Wetsuit technology has come a long way in the short time they’ve been around. The first wetsuits were developed in the early 1950s and leaves any modern-day surfer wondering how the older generation survived. Different water temperatures generally give you an idea of the wetsuit thickness you need, However, personal preference and tolerance to the cold are factors you should always consider. The colder the water gets, the thicker the suit (the higher the number of millimeters of neoprene insulation - 3/2mm > 4/3mm > 5/4/3mm) you’ll need to make sure you stay warm.

Read our complete guide to wetsuit thickness here.

Wetsuit Zippers: Front, Back, or Zipperless?

Every wetsuits has an entry point/system to get in and out of, but there’s really only three types of entry - chest zip, back zip or zipperless. To make it super easy to remember, a chest zip has a horizontal orientation, a back zip has vertical orientation and a zipperless is just that, zipperless:

Front Zip

how to get the perfect fit for your wetsuit

Chest (or front) zip wetsuits come in three options: 1 - Fully Detached where you’ll have to pull the top collar over your head to connect to the zipper and close the suit. Fully detached is the easier chest zip to get on/off. 2 - Open Chest Zip is where you have to connect the zipper together to close it, this allows for greater flexibility of the entry area when getting the wetsuit on/off 3 - Closed Chest Zip has the zip already attached and is the quickest option at zipping your wetsuit closed and getting in the water. It does increase the challenge of getting the suit on and off though. Something to think of if you have shoulder issues.

Back Zip

how to get the perfect fit for your wetsuit

A back zip wetsuit is the more traditional zipper style for wetsuits, it’s where it all started. The back zip wetsuit has a vertical zip that runs from the base of your neck down to your lower back, and this style of wetsuit is a lot easier to get on and off compared to the chest zip style. Having a zipper on the back does leave you more prone to flushing when duck diving, or falling.


how to get the perfect fit for your wetsuit

Zipperless suits are a relatively new innovation, firstly arriving on the scene around the late 1990’s/early 2000’s. This entry type decreases water flushing while increasing the overall mobility/flexibility of the wetsuit. However, zipperless wetsuits are the most difficult to get on and off, especially for beginners or people with shoulder issues. If a zipperless suit fits you like a second skin and you don’t mind a bit of work when getting changed, check out zipperless wetsuits.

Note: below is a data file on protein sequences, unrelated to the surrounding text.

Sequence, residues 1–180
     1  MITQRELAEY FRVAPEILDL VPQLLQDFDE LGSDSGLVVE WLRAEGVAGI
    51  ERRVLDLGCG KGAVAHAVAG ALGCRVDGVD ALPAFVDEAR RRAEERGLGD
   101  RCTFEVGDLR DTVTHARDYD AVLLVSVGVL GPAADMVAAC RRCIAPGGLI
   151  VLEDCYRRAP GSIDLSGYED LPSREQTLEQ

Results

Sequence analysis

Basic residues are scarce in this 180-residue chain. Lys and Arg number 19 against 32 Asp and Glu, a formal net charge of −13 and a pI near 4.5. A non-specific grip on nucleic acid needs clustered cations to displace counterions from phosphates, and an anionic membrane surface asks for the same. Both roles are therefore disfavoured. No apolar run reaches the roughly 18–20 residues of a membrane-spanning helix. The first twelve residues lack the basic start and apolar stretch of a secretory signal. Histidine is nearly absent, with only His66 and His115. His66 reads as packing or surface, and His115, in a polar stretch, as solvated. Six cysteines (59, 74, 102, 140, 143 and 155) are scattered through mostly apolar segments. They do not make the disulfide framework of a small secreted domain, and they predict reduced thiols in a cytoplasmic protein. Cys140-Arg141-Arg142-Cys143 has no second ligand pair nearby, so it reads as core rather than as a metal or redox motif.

Other Wetsuit Features To Look For:

The most important features are in the details. Wetsuits designed for surfing should include reinforcements in key areas like the knees, have arm and leg cuffs to minimise flushing or even thermal linings to increase warmth.

Knee Pads

The knees are one of the most worn areas on a wetsuit, so you want to make sure your wetsuit has reinforced knee pads with a thicker rubber or tough nylon material. This will extend the life of your suit and keep you in the water longer.

Arm and Leg Cuffs

Be sure to check the arm and leg openings for seals or beveled edges. These seals or beveled edges help to reduce flushing and improve the materials durability when changing.


Many neoprenes are lined with nylon to make the wetsuit easier to get on and off but warmer suits now feature an internal thermal lining. The lining, while helpful getting the suit on/off, also helps to insulate and retain your body heat longer. Some suits have thermal lining inside the entire suit, where other suits have lining only on the back and chest panels. Thermal lining increases warmth retention by trapping a thin layer of air against your skin which is then warmed by your body, leaving you comfortable in the water without affecting your range of movement.

Key Pocket

The Key Pocket is a dedicated area on your wetsuit that can securely hold a key (generally a car key) on your body while you’re surfing. This is done by creating a pocket on your wetsuit that holds the key by an elastic cord and is found around the knee, or in the chest entry area.

Wetsuit Material: Which Is Right for You?

Petroleum-based neoprene was the only option for decades, but now there are different types of neoprene to keep you warm while surfing. With major innovations in wetsuit materials recently have improved both the functionality and availability of more sustainable alternatives. The main two types used today are Limestone and Yulex Neoprenes.